Sparkling wine

Sparkling Wine

Of all the traditional wines which have come out of the Old World, the only one which was sparkling is the Champagne. The rest of the wines produced using traditional methods do not have bubbles of air, and are known as still. Sparkling wines are perhaps the least understood and therefore least drunk of all the varieties of wine, but they can add a different edge to your glass of wine with dinner, and can also be an interesting alternative to the basic bottle of wine that you take along to a party.

The effervescence of Champagne has a long history, but the British continue to consider themselves as the inventors of the sparkling wine (although EU legislation and South African trade agreements mean that no-one outside France is allowed to call their sparkling wines Champagne). The English first developed sparkling wine in 1662, thanks to the experiments of Christopher Merret. Despite the fact that the English could make and export ‘sparkling Champagne’ before the French, France has continued to claim the title of Champagne maker, and now has secured agreements and treaties that establish it as the originator of the sparkling wine.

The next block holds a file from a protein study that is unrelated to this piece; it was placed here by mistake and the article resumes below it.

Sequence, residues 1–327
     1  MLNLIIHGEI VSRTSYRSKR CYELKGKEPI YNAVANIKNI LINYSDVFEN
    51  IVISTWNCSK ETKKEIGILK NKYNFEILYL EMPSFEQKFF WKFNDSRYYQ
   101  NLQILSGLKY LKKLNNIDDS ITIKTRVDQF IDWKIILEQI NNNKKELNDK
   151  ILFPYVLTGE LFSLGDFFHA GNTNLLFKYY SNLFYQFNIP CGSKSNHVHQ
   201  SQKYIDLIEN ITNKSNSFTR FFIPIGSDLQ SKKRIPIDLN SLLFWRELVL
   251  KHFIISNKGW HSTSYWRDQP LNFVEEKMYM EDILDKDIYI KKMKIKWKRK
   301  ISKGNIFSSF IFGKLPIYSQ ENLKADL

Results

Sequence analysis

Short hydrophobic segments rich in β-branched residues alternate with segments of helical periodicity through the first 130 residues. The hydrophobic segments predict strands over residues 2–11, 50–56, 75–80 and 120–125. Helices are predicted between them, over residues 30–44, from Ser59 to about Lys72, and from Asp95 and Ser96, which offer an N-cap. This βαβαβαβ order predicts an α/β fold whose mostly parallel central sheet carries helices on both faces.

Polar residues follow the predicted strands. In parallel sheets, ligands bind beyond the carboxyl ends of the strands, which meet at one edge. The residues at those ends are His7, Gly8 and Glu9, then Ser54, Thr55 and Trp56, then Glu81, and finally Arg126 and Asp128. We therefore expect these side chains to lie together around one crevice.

In South Africa, as in the rest of the world, there are two methods to produce sparkling wine. The first method is similar to that of Champagne making. This method uses two fermentation processes, the first in the cask, as usual, and the second in the bottle, creating carbon dioxide which cannot escape. This leads to air bubbles being formed in the wine. This double fermentation is caused by adding yeasts to the bottle, plus a certain amount of sugar. The bottle is then capped, and then aged. Before the bottle is finished, it must be riddled, or placed on a 45º degree rack which forces the yeast into the neck of the bottle, removing the remnants of the yeast.

A second method, known as the Charmat process, has begun to be used in South Africa. This method was invented in Italy, and is still very popular there as a method of creating the bubbles in sparkling wine. In this process, the wine is brought into stainless steel tanks, and the fermentation is performed there, rather than in separate bottles. This type of sparkling wine is best suited to Italian grapes, but it is favoured by some makers due to the fact that it is cheaper than the Champagne method.

Making a sparkling wine is always a difficult process, not least because the wine has to be fermented twice. Some of the methods which have been tried in the past, including injecting carbon dioxide into the wine, have resulted in large bubbles which easily burst. The wine can also be affected through exposure to direct sunlight, which gives the wine a rather oily texture and a slight taste of bacon, due to the action of the yeast in sunlight. Being exposed to bacteria can cause even more problems, giving the wine a cloudy colour and a ‘corked’ taste.

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